My grandmother makes her mandoo 100% from scratch, and the whole process is a beautiful execution of labor and love. The filling consists of meat and vegetables, each purchased at their respective specialty markets. Efficiency is no issue – she takes the bus to see Mr. Butcher Man on Irving for the best quality meat, and then she treks over to the market on Geary, that one with the good produce. For assemblage, she combines and seasons the meat (pork and beef), chops and cleans the vegetables, mixes them in with the meat to make the filling, stuffs the filling into made-from-scratch wrappers, and seals them good and tight with a solid, yet decorative pinch. The special part of her process (which makes all the difference) is the most arduous – the meat is hand chopped. Apparently ground meat is out of the question as a grind is too fine and thus flavor is lost. Perhaps more importantly, it’s essential to start with a premium cut.
My grandmother is a food purist – she strives for the best of the best homemade-everything, no matter how labor intensive the process – no compromise. Her mandoo is revered in my family, and what she goes through to make these batches of plump little dumplings is truly a rare process among today’s crazy, time-pressed generation. When I think about how customs evolve and dilute over time, I realize how critical it is to pass down to generations to preserve deeply important and sentimental traditions. So, when I was at home a few weeks ago, my mom, dad and I decided to attempt just that. Though we didn’t hand-make the wrappers (which when you’re making over 100 dumplings, feels impossible) we did everything else. I’m still congratulating myself for having handled the meat dicing – quite a feat as I never thought I could touch cold, raw meat, let alone hack into it – but I did it and was proud to contribute to what my grandmother might say is the most critical part of the process.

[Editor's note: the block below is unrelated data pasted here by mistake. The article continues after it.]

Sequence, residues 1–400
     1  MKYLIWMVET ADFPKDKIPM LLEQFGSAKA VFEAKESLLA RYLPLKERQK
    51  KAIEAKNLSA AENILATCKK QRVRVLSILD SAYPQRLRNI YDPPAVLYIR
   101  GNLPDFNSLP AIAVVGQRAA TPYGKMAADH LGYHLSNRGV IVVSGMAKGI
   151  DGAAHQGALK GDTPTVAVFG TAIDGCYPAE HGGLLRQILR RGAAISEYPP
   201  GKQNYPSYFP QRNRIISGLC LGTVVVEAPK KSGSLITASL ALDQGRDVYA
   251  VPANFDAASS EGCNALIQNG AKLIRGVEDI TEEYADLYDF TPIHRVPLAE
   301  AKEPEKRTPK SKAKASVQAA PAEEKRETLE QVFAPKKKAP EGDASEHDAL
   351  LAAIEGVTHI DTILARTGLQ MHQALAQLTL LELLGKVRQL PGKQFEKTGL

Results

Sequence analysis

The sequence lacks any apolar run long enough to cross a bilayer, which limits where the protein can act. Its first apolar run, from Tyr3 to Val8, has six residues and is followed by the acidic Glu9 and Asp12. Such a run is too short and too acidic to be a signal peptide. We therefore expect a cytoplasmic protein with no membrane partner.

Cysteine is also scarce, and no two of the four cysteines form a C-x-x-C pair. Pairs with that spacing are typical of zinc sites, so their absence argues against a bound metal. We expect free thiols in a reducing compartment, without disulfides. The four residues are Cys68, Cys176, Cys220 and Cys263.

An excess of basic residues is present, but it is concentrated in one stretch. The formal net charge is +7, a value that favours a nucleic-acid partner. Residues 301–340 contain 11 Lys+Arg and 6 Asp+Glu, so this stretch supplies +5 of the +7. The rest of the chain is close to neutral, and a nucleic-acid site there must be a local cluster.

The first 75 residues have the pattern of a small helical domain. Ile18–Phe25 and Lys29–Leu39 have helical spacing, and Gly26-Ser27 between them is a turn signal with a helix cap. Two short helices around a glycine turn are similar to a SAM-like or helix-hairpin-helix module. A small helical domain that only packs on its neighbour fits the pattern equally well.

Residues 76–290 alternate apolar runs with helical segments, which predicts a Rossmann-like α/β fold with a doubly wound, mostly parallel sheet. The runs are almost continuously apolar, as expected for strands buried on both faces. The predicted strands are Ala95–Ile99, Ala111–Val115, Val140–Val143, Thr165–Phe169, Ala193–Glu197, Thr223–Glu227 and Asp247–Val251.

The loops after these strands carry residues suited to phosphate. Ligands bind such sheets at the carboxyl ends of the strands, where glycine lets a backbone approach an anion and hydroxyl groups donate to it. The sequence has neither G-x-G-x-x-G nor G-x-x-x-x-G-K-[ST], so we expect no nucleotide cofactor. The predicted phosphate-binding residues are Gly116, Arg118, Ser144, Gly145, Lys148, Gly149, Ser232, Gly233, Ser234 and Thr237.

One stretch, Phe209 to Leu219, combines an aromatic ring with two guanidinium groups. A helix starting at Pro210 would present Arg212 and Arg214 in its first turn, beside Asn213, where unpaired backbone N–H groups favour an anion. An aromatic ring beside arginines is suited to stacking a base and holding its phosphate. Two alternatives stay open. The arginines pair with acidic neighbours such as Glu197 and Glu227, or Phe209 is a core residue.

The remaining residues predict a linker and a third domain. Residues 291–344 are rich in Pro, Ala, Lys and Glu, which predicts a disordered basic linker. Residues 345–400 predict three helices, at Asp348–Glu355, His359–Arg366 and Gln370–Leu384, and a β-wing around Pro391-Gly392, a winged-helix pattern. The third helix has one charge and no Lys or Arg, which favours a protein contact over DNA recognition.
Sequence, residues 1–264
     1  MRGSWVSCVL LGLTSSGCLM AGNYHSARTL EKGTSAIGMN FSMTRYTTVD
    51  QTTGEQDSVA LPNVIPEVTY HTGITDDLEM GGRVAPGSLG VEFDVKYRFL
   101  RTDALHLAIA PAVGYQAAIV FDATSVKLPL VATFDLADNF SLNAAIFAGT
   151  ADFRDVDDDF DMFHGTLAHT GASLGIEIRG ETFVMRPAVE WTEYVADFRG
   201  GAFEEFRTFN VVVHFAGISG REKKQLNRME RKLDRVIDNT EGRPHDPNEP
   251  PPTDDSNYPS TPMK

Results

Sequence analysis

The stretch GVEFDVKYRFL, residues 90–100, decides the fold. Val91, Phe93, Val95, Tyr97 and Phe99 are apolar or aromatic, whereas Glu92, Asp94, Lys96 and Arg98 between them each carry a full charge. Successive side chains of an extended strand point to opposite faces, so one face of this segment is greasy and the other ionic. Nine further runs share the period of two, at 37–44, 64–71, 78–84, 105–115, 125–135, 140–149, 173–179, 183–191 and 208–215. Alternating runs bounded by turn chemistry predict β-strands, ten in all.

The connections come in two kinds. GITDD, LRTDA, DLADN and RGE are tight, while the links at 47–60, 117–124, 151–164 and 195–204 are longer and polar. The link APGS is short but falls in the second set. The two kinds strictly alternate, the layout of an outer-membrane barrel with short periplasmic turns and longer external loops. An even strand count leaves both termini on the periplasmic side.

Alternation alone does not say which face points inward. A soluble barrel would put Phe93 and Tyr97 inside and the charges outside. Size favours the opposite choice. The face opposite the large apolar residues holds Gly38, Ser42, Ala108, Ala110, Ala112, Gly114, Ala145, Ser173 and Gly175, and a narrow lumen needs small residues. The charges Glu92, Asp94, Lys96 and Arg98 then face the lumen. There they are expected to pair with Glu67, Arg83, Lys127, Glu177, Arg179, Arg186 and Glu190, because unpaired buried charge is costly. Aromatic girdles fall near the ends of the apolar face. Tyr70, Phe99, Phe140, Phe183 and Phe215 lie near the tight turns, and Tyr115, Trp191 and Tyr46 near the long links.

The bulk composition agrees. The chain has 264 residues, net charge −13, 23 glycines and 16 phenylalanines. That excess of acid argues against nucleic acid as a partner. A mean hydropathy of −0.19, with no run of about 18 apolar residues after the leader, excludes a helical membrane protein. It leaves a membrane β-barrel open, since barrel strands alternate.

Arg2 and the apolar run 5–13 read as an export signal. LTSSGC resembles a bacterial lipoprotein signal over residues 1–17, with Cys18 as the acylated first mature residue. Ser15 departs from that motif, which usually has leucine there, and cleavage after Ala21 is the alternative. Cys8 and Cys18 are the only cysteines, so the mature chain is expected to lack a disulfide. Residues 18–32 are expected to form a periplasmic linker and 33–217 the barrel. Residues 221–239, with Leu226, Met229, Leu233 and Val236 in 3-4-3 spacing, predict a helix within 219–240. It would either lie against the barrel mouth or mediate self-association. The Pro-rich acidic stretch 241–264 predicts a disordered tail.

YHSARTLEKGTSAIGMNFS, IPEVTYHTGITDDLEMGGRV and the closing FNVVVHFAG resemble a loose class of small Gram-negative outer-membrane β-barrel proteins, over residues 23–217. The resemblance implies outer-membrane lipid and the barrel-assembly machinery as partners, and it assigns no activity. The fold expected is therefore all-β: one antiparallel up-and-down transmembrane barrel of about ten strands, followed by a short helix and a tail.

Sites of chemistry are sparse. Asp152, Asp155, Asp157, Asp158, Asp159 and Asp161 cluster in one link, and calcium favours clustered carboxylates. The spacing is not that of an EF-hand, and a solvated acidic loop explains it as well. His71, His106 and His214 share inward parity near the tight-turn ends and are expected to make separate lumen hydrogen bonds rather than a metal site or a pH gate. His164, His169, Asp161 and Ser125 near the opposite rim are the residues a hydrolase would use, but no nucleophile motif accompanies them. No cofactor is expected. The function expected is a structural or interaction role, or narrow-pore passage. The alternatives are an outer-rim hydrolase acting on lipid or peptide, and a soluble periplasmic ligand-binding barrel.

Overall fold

The final product was delicious…in taste, yes, but more so from the knowledge that we attempted to preserve a tradition and recreate a masterpiece. While I wish she could have been there, I now have an excuse to go through the whole process again with the original Master, and maybe I’ll even get to make the wrappers.